NEW YORK — ABC named three anchors to replace the departing Ted Koppel as hosts of “Nightline,” ending months of speculation over the fate of the show.
Meanwhile Koppel and longtime producer Tom Bettag are close to inking a reported three-year deal with HBO to create a series of documentaries, but will wait until they officially leave ABC to finalize the pact.
ABC White House correspondent Terry Moran, “20/20” correspondent Martin Bashir and “Primetime” correspondent Cynthia McFadden will helm the new “Nightline,” Moran from Washington, D.C., and Bashir and McFadden from New York.
“Building on the great legacy of ‘Nightline’ as we go forward to the next era is both a challenge and an exciting opportunity,” ABC News prexy David Westin said.
There was a time when it appeared the “next era” for ABC’s latenight would be an entertainment show to compete with the likes of David Letterman and Jay Leno.
ABC execs have long said the departure of Koppel would present an opportunity for “Nightline” to try new looks, formats and themes. The show competes against two very well-oiled comedic franchises in Leno and Letterman, so winning in the timeslot doesn’t seem to be a realistic goal, but shoring up a dwindling audience would be a start.
ABC made an attempt to lure Letterman to the Alphabet in 2002; Koppel’s departure renewed speculation that the net might develop an entertainment show or move Jimmy Kimmel into the time period.
But Westin appointed James Goldston, a former producer at Britain’s ITV, as exec producer in charge of leading the remake of “Nightline” in July.
Goldston was Bashir’s producer on ITV’s “Living With Michael Jackson,” leading some to assume his appointment would lead to a turn to the salacious for “Nightline.”
But Goldston says that while the show will evolve, its essential DNA will remain the same.
” ‘Nightline’ has a great and proud tradition of doing serious journalism and doing it with great distinction, and that will continue,” he said.
The remake of the show, which debuts Nov. 24, will have three segments a night, a departure from “Nightline’s” signature single-topic format.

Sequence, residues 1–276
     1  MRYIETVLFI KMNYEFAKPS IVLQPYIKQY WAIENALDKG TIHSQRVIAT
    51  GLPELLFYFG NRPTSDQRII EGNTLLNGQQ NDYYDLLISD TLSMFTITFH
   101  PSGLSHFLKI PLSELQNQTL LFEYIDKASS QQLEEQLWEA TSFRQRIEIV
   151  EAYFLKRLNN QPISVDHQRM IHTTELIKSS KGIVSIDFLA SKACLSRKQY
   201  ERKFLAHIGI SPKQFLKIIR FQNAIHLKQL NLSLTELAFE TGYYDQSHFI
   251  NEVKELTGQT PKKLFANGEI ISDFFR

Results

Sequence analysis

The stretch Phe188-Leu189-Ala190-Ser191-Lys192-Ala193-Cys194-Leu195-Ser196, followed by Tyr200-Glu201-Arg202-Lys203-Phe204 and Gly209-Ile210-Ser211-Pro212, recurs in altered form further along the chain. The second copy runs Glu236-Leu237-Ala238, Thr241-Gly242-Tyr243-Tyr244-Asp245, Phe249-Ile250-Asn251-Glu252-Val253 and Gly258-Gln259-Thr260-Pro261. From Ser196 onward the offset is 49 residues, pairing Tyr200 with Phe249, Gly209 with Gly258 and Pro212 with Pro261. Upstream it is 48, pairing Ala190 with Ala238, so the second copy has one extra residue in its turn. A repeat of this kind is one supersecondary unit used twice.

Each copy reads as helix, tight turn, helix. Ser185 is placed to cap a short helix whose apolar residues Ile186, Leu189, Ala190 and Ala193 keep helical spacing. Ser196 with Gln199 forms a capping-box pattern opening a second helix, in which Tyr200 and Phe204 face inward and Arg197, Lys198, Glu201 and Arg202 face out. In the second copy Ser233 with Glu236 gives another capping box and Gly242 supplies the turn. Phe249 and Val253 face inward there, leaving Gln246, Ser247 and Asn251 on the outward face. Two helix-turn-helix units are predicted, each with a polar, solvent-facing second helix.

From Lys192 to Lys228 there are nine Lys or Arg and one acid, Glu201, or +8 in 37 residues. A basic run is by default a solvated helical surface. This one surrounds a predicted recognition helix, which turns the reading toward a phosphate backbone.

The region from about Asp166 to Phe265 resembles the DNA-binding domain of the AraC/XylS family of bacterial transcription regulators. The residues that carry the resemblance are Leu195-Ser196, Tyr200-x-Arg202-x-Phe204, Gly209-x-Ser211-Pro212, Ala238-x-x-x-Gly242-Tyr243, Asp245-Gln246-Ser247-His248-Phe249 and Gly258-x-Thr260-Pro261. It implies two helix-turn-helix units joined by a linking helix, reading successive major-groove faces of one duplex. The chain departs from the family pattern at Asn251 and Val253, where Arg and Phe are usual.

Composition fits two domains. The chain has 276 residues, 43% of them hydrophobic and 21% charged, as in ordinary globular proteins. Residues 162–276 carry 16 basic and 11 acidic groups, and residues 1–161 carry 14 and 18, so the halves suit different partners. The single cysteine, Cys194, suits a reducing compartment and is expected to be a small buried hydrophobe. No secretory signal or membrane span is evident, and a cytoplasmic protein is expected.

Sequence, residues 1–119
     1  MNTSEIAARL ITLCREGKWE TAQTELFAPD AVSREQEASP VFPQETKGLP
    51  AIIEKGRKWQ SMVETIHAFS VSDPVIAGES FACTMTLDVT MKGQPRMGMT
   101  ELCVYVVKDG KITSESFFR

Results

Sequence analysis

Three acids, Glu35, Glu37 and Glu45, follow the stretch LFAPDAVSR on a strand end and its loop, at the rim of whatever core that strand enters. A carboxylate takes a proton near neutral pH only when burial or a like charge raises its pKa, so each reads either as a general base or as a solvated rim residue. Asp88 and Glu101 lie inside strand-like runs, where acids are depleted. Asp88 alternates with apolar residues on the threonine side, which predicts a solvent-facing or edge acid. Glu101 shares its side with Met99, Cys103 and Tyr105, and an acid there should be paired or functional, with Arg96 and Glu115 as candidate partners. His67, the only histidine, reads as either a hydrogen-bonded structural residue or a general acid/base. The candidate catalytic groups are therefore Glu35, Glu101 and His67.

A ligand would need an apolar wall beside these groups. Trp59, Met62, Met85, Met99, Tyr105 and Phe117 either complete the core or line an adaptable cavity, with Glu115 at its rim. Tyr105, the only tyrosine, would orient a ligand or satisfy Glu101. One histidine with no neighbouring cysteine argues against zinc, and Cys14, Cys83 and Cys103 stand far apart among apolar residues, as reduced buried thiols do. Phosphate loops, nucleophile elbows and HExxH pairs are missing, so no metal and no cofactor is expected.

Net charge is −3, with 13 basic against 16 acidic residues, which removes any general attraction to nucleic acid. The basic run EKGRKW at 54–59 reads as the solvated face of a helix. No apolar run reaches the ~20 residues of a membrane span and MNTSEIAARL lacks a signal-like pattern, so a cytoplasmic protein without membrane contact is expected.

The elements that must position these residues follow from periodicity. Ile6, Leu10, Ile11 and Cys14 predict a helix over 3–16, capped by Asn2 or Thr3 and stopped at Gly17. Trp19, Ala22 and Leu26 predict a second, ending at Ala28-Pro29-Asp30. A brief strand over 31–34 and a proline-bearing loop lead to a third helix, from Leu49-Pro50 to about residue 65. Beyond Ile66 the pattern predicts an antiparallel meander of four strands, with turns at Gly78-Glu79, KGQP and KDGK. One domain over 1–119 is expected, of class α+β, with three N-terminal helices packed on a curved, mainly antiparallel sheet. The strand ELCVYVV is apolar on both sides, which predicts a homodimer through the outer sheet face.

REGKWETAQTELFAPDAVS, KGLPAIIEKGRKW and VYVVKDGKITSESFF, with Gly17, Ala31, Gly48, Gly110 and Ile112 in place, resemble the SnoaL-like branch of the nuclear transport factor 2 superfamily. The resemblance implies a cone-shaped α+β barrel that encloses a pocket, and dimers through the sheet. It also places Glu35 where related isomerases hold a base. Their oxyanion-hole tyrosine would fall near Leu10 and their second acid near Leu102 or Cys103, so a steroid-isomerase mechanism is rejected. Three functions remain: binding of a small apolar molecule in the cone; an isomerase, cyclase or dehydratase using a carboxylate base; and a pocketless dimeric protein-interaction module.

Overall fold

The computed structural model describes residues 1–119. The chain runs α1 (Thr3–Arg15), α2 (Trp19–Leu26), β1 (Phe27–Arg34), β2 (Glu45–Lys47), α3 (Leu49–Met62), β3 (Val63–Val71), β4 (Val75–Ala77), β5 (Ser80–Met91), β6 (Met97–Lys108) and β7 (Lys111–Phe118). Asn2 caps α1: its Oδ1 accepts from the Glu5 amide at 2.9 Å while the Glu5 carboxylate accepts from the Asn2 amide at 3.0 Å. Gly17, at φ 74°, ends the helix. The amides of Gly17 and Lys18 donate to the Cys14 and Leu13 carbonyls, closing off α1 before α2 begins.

The show, which will be recorded live from the “Good Morning America” studio in Times Square and from “Nightline’s” studios in Washington, D.C., will move faster, with multiple segments squeezing out the wide-ranging and lengthy debates favored by Koppel.
Asked if he would send a reporter to Aruba to cover the disappearance of Natalee Holloway, Goldston said, “Never.”
Goldston, who lives in New York, will produce the show from Gotham. A number of new staffers are being hired in New York, but the bulk of the long-term staff will remain in D.C.
So far this season, ratings for “Nightline” are up 1% from last season to 3.7 million, a stat helped by coverage of Hurricanes Katrina and Rita in the first few weeks of the season. NBC’s “Tonight Show With Jay Leno” is up 4% to 5.9 million, and “Late Night With David Letterman” is down 12% to 4 million total viewers, according to Nielsen Media Research.
Long term, “Nightline” is on a ratings slide, but it competes respectably on a nightly basis and draws big numbers during times of crisis.
“Nightline” defeated Leno and Letterman handily with its coverage of Hurricane Katrina. Koppel’s grilling of FEMA director Michael Brown became one of the more memorable moments and reminded many what may be lost when he moves on.